Twelve Nights (2000)
Written & directed by: Aubrey Lam
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Nominations at the Hong Kong Film Awards 2001:
Not on board from the getgo at United Filmmakers Organization (UFO) but instead from 1995's Whatever Will Be, Will Be, writer Aubrey Lam has contributed to a fair amount of high profile titles including Purple Storm, Golden Chicken 2 and Perhaps Love. As with the crop of writers/directors UFO had (1*), Lam also moved into that multitask-arena with the first feature being a Golden Harvest romance produced by UFO's Peter Chan. Romance perhaps is a strong word as Twelve Nights is very anti-romantic but with that comes a needed realism. A realism to explore darker facets of relationships and although saying nothing grand and creating a rather tough watch at times, Aubrey Lam's debut warrants a look for assured behaviour from behind the lens, influenced by Ingmar Bergman's Scener Ur Ett Äktenskap (Scenes From A Marriage).
Detailing a story of not so assured behaviour, the plot is relatively simple as it's about the fairly tumultuous relationship between Jeannie (Cecilia Cheung) and Alan (Eason Chan). Meeting and teaming up (notice I didn't write anything about falling in love) after their respective relationships comes to an end, the titular twelve nights (taking place over 12 months) will come with grave tests of the complex kind as far as these things go. Because love and relationships at heart will always remain complex. Especially psychologically and Aubrey Lam takes a look at, among other things, the kind of feelings that go into destructive acts. Having a mysterious Nicholas Tse cameo open the film but setting up the story where multiple rejections take place on Christmas Day, it's a lot of crashing involved and title cards spell out philosophies of truth (be it when relationships are in some kind of cynical or happy stage).
Jeannie and Alan clearly come from acts where communication is constantly low. Her boyfriend Johnny (Ronald Cheng) she leaves based on hearsay and Alan really seems so bored out of his mind that he doesn't even bother explaining to his girlfriend (Nicola Cheung) a past connection with Jeannie. Why should Alan and Jeannie fit so well then? Well she has the belief in fate, no matter how odd and crooked the road is towards being together (she uses a rearview mirror as a sign of all this) and the duo seems to be rather playful in their particular dialogue towards each other...during the first nights. Yes, here they can call each other on their facial imperfections without consequence but as the counting of the nights turn repetitive, the characters are wearing themselves out. To the point where director Lam punishes the audience the hardest by planting us in the middle of a scene where Alan forces Jeannie to constantly change clothes for a social event. This is tedium in a relationship where apparently you have as your primary objective to throw out hurt, verbally in this case. Who's the least pro-active in this machinery then? Well, line is blurred by Lam but by having Alan look down upon the past low's of Jeannie that has lead to sex with strangers, it's a lazy finger-pointing gesture because as always, how much does the past really play a part in the current situation? The two represent like/hate and notions of them rather going through all this than to stay alone has classic psychology written all over it.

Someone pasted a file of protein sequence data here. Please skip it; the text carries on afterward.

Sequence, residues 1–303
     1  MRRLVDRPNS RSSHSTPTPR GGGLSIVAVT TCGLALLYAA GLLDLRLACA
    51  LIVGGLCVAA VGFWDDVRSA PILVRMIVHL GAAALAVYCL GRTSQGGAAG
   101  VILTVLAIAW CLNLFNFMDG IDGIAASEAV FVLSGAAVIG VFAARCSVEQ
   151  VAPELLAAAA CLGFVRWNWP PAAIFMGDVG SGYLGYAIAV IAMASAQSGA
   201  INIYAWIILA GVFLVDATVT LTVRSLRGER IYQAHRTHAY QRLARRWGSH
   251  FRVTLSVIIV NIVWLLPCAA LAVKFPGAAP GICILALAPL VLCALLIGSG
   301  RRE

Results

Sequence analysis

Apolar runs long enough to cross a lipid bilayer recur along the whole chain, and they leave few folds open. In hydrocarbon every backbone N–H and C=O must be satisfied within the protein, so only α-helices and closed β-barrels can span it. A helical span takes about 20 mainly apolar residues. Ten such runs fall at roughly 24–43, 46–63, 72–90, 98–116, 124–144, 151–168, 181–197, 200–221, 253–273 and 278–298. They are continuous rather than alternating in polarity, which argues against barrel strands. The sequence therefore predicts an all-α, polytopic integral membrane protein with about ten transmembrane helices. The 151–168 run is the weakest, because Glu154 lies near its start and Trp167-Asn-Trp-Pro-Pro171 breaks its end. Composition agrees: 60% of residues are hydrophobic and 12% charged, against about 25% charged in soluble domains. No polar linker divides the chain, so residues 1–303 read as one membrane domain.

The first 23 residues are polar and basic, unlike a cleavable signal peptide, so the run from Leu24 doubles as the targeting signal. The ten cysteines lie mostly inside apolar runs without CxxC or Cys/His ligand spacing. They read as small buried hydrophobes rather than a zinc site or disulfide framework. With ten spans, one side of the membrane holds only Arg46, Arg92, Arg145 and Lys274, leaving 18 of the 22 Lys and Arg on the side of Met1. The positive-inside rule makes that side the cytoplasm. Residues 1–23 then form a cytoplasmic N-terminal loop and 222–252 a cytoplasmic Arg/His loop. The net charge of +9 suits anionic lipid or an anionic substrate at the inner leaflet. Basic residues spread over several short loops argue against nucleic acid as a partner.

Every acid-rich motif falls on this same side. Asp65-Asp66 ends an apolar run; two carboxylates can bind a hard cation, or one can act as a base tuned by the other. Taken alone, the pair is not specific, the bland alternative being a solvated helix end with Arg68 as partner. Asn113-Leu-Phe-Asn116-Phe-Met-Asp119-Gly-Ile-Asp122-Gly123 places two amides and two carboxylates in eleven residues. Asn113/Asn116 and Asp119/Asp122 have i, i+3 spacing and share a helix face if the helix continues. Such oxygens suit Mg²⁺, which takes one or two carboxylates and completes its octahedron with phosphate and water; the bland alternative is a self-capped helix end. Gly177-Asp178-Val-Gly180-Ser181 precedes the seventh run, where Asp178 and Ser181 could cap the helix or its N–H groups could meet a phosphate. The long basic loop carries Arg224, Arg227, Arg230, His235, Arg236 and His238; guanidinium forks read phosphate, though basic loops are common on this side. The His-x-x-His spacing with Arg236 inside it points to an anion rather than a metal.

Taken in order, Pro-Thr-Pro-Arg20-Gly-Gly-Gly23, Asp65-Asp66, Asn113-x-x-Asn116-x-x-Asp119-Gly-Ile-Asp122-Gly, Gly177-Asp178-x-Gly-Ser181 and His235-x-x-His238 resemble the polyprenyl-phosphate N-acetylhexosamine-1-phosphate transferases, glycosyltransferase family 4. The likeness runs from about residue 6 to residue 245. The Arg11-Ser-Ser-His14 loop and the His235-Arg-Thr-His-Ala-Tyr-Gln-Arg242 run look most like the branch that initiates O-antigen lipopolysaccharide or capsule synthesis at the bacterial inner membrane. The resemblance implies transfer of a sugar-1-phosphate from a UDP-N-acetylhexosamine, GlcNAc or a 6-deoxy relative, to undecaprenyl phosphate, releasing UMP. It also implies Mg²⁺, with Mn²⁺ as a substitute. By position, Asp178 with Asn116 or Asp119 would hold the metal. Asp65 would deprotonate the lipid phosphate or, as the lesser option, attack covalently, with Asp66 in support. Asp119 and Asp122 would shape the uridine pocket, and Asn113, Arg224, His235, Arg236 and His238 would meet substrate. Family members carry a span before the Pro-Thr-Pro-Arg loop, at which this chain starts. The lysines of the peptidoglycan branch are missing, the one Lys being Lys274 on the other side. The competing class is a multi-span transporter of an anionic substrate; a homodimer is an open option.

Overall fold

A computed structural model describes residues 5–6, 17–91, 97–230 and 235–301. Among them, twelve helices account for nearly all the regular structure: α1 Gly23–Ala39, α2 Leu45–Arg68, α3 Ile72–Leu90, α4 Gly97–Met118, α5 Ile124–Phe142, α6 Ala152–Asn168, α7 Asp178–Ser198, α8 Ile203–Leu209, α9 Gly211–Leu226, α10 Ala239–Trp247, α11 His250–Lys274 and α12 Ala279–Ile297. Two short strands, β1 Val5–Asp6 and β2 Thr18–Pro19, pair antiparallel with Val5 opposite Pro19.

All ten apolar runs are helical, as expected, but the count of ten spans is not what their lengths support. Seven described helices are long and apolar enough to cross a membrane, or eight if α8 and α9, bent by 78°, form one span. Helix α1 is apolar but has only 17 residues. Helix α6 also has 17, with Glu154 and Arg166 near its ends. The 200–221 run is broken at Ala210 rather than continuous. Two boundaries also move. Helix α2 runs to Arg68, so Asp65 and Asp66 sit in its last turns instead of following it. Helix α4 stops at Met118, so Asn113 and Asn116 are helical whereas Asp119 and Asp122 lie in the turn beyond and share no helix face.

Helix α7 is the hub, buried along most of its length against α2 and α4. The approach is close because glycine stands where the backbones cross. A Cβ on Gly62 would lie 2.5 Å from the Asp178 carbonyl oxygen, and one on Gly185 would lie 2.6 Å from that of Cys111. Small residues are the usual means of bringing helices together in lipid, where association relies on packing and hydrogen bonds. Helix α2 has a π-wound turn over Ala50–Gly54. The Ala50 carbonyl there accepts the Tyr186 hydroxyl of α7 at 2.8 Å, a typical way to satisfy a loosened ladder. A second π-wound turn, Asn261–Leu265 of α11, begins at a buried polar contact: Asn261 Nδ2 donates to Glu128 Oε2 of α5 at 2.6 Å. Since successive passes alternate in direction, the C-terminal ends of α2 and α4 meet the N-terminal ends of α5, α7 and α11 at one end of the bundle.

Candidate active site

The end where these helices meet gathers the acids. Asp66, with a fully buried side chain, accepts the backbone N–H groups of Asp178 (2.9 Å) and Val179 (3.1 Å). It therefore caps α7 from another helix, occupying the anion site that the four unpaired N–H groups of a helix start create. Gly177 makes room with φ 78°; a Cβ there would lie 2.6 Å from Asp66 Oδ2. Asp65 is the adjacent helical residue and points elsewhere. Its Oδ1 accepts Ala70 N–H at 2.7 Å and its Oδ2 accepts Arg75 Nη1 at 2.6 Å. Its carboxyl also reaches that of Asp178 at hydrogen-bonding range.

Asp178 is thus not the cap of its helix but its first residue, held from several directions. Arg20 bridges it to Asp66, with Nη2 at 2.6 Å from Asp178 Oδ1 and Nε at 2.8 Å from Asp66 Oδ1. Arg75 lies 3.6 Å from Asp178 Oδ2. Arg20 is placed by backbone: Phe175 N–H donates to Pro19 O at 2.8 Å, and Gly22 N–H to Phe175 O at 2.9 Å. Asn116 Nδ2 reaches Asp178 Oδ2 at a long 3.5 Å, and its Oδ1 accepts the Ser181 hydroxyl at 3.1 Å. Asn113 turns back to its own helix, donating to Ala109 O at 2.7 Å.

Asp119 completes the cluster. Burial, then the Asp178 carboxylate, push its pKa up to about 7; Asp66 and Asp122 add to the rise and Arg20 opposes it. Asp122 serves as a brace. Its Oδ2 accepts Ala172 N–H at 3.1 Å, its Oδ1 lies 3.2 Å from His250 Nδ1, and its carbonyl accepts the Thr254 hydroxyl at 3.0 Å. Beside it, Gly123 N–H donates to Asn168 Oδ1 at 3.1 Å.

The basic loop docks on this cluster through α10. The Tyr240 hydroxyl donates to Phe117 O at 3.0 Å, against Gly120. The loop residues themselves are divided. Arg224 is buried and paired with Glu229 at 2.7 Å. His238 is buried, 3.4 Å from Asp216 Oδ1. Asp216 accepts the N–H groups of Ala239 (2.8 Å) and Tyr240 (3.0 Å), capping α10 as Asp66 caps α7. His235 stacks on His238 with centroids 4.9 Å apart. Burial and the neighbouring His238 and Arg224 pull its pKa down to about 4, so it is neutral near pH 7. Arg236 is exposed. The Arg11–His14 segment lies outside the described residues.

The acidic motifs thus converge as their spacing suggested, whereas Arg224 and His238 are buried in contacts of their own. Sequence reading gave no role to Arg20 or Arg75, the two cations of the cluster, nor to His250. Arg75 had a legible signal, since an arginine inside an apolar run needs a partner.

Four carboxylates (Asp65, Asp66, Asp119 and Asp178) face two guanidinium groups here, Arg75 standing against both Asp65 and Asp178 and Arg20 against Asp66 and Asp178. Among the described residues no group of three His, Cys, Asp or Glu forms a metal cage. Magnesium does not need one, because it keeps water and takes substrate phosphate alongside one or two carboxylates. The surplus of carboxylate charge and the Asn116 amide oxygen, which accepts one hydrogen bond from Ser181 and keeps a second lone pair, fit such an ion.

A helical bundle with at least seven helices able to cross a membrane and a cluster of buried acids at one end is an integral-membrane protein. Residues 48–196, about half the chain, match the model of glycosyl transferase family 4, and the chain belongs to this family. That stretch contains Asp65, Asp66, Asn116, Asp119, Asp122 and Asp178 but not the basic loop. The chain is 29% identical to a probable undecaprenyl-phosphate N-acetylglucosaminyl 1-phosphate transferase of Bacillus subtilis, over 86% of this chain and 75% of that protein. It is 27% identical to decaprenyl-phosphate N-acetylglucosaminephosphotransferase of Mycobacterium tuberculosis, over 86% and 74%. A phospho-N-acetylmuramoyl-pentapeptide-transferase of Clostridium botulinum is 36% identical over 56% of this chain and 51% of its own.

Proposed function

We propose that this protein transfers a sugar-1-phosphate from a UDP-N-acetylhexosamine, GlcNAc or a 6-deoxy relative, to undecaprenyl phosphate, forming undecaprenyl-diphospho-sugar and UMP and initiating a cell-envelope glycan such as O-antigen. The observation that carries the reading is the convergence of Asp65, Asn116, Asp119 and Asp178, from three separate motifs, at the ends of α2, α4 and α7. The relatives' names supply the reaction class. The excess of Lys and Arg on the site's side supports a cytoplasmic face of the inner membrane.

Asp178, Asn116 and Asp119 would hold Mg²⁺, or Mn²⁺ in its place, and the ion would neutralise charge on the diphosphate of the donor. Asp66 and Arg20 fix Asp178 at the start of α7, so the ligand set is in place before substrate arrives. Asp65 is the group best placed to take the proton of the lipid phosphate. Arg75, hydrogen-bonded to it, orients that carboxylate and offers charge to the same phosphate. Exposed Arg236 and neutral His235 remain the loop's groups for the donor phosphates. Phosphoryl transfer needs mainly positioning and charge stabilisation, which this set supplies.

Which is why Lam's film is easy to relate to and hard to watch. Anyone who has been in an argument where talking points appear at that WAY TOO LATE point will nod their heads in shame and acknowledging our problem, as a civilization, of communicating is really Lam's quite fair success with Twelve Nights. Utilizing little style despite borrowing Johnnie To's regular DOP Cheng Siu-Keung, outside of some carefully framed static shots and quick fadeout's, there's little reason to notice the filmmaker tricks. Because what Lam correctly focuses on is hiring two pop stars that are the essence of being multi-performers as well. Cecilia and Eason are finely immersed and immerses themselves into the material that does require all kinds of awkward, clichéd, hurtful and emotional behaviour. But aside from one grating scene of Cheung crying her heart out, subdued and dedicated are tactics here, employed well.
Aubrey Lam's debut is otherwise a healthy but difficult start, preaching reboots in your life. Audience reactions are surely going to be hurled towards the screen, looking at the notions of fate and impulsive behaviour alone but it makes Twelve Nights engaging, minor cinema if anything. Don't expect to be enlightened or lightened up but sometimes you have to think through thoughts like that as well. Time will tell as we explore Aubrey Lam's films if she merely needed this movie to cleanse.
Universe presents the film in an aspect ratio of 1.80:1, approximately. Clean, sporting decent colours and sharpness, for a budget disc of a new-ish film, there's little to complain about here.
Audio options are Cantonese Dolby Digital 5.1 and Mandarin Dolby Digital 5.1 but as I'm not equipped with such a system, my assessment of this disc aspect will be left off this review.
The English subtitles are flawless throughout and presents an easily comprehensible translation. Traditional and simplified Chinese subtitles are also included.
Standard Universe extras are included, starting with Star's Files for Cecilia Cheung and Nicola Cheung. Former Cheung's is short as her career was fresh at that time and latter Cheung's mainly comes off as a dating ad as it goes through all her great characteristics in favour of film career breakdown. Trailers for Twelve Nights, When I Fall In Love... With Both and Tokyo Raiders finishes the slim package.
reviewed by Kenneth Brorsson